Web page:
Sweden’s first spy trial in 18 years gets under way

Sweden's first espionage trial in 18 years got under way on Thursday, with a Swedish tech consultant accused of selling sensitive information about truckmaker Scania and Volvo Cars to Russia.

Sweden's first spy trial in 18 years gets under way
File photo of a Volvo Cars factory. Photo: Björn Larsson Rosvall/TT

The 47-year-old man is accused of espionage and illegal intelligence gathering that put Sweden’s national security at risk, prosecutors said.

The accused was arrested in dramatic fashion in February 2019 while dining at a restaurant in central Stockholm with a Russian diplomat suspected of being an intelligence officer.

The diplomat was briefly detained but released on account of his diplomatic immunity.

The arrest led to a diplomatic row between Sweden and Russia, with Stockholm subsequently denying visas to two Russian envoys. Moscow responded by expelling two Swedish diplomats.

At the time of his arrest, the consultant had just received 27,800 kronor ($3,355) for passing information to Moscow, prosecutor Mats Ljungqvist said in February.

The information regarded “manufacturing, such as source codes and construction of products in the automotive sector”.

According to the indictment, the man illegally transferred material from his work computer to his private computer and thereafter to USB memory sticks.

In order to hide his activities from being logged by the IT system, he also photographed material from the screen of his work computer.

The man denies the allegations.

The trial is expected to conclude on September 1st, and the accused risks a maximum of six years in prison if convicted.

In its latest annual report published in 2020, Sweden’s intelligence agency said Russia, along with China, posed the biggest intelligence threat to the Scandinavian country.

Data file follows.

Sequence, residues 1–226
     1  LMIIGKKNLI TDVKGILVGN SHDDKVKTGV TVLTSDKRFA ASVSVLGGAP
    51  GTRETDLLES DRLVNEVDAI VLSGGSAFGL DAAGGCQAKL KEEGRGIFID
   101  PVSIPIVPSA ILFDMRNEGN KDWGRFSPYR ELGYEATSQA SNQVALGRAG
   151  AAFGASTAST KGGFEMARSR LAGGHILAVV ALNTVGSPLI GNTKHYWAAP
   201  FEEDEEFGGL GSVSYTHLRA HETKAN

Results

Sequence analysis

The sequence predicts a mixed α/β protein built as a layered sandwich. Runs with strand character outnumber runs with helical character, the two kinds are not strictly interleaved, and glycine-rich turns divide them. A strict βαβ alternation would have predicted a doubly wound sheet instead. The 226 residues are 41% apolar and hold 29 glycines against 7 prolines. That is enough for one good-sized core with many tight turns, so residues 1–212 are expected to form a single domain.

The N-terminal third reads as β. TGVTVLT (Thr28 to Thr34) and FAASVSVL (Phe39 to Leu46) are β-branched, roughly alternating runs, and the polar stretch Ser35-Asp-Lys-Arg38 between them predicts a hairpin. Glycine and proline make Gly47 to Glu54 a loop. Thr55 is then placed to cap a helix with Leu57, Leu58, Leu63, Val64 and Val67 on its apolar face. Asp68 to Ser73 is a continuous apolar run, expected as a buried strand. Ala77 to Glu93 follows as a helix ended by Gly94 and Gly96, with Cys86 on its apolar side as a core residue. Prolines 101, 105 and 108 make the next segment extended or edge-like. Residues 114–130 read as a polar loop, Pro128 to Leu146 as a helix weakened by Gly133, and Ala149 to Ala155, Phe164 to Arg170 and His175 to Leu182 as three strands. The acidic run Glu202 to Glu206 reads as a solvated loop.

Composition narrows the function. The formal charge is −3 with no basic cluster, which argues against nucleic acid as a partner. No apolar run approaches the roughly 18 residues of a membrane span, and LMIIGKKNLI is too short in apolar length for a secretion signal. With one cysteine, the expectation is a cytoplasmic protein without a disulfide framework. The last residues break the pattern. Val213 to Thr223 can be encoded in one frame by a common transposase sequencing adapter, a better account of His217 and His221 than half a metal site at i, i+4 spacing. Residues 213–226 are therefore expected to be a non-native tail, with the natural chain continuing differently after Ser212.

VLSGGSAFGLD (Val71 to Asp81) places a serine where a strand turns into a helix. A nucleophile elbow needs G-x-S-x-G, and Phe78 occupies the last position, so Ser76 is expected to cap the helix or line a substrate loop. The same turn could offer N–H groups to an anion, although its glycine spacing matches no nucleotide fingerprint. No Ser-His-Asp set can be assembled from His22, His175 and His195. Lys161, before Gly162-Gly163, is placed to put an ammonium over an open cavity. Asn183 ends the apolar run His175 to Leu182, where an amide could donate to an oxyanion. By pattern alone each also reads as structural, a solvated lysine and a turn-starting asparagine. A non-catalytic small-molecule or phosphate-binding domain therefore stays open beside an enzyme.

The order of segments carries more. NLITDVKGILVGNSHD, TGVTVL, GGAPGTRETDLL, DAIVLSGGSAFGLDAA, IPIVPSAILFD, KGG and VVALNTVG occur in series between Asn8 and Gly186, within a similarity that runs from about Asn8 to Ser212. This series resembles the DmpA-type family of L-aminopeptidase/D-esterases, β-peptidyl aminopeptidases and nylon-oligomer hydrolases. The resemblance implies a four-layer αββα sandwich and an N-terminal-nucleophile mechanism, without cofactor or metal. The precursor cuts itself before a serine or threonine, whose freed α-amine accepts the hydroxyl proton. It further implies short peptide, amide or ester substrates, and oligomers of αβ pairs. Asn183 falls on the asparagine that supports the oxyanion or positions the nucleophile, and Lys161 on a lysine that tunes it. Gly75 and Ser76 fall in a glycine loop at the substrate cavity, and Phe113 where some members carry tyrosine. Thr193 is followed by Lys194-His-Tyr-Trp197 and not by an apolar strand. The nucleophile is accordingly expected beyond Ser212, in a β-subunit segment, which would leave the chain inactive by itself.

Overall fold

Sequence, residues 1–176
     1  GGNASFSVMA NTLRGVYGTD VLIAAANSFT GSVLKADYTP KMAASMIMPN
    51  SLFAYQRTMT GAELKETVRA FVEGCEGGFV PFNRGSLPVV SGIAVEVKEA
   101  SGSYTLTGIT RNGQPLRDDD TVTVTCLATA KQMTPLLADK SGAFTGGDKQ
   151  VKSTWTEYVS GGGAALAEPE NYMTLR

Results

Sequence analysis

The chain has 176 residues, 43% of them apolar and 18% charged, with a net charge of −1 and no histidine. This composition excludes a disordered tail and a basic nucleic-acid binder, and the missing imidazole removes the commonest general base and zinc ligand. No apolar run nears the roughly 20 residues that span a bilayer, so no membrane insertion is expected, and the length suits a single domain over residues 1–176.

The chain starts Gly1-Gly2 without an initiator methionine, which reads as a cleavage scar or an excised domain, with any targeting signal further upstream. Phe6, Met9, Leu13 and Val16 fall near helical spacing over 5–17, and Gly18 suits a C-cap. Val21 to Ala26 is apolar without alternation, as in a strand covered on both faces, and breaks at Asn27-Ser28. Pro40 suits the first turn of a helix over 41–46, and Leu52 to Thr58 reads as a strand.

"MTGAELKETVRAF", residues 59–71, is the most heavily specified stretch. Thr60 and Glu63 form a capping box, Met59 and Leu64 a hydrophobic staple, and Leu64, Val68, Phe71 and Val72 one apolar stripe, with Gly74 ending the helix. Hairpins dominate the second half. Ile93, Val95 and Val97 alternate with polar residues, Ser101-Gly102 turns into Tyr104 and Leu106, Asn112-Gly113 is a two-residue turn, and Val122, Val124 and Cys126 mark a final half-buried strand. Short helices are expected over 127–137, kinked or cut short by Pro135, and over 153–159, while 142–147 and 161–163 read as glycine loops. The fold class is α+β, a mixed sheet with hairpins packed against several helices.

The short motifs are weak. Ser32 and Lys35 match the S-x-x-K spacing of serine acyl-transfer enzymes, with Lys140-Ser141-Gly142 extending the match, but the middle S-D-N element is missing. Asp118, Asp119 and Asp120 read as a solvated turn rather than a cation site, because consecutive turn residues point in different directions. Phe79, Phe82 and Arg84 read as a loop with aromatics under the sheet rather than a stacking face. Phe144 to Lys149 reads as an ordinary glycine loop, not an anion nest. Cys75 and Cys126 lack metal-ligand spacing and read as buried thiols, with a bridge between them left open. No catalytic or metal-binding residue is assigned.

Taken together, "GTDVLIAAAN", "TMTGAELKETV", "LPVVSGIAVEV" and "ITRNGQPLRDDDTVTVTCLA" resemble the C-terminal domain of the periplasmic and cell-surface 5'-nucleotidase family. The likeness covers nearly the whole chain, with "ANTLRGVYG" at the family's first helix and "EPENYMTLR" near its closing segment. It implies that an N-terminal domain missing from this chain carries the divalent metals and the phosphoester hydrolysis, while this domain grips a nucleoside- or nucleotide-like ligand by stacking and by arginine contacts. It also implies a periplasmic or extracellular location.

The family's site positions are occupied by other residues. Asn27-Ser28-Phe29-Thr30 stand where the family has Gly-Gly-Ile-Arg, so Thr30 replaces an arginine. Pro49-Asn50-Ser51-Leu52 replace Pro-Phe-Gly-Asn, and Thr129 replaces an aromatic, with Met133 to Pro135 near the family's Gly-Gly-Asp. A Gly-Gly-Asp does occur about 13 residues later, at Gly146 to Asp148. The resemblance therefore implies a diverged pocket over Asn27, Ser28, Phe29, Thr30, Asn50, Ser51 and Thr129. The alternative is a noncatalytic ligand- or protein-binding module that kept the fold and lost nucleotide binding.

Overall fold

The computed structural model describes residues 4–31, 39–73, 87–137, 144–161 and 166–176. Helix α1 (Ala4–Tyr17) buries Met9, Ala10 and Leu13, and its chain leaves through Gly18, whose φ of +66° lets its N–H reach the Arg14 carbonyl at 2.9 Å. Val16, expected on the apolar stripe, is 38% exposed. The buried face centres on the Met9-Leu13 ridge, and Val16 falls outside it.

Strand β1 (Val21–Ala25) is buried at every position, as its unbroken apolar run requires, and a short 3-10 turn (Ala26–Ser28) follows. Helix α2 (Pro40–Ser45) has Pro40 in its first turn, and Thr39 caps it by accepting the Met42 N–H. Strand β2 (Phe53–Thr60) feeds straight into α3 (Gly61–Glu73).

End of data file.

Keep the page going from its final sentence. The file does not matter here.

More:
According to public broadcaster SVT, this is the first time a person has gone on trial in Sweden for espionage in 18 years.

The trial continues.

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Sweden extradites suspected PKK terror group member to Turkey

Sweden has extradited a convicted member of the outlawed Kurdistan Workers' Party (PKK) to Turkey as Ankara presses Stockholm for further steps in return for its membership in NATO, state media reported on Saturday.

Sweden extradites suspected PKK terror group member to Turkey

Mahmut Tat, who was sentenced to six years and 10 months in jail for PKK membership in Turkey, fled to Sweden in 2015 but his asylum request was rejected.

Tat arrived in Istanbul on Friday night having been detained by Swedish police, the Anadolu news agency reported.

He was taken by Turkish police soon after arriving at Istanbul airport and referred to court on Saturday, the private NTV broadcaster reported.

Turkey has accused Finland and Sweden in particular of providing a safe haven for outlawed Kurdish groups it deems “terrorists”, and held back on ratifying their NATO bids despite an agreement in Madrid in June.

NATO ambitions

Finland and Sweden dropped decades of military non-alignment and sought to join NATO in May, after Russia invaded Ukraine.

The decision requires a consensus within the US-led defence alliance, but only Turkey and Hungary are yet to ratify their membership.

Foreign Minister Mevlut Cavusoglu held trilateral talks with his Swedish and Finnish counterparts on the margins of a NATO meeting in Bucharest this week.

“The statements (coming out of Sweden) are good, the determination is good but we need to see concrete steps,” Cavusoglu said.

Ankara has said it expects Stockholm to take action on issues including the extradition of criminals and freezing of terror assets.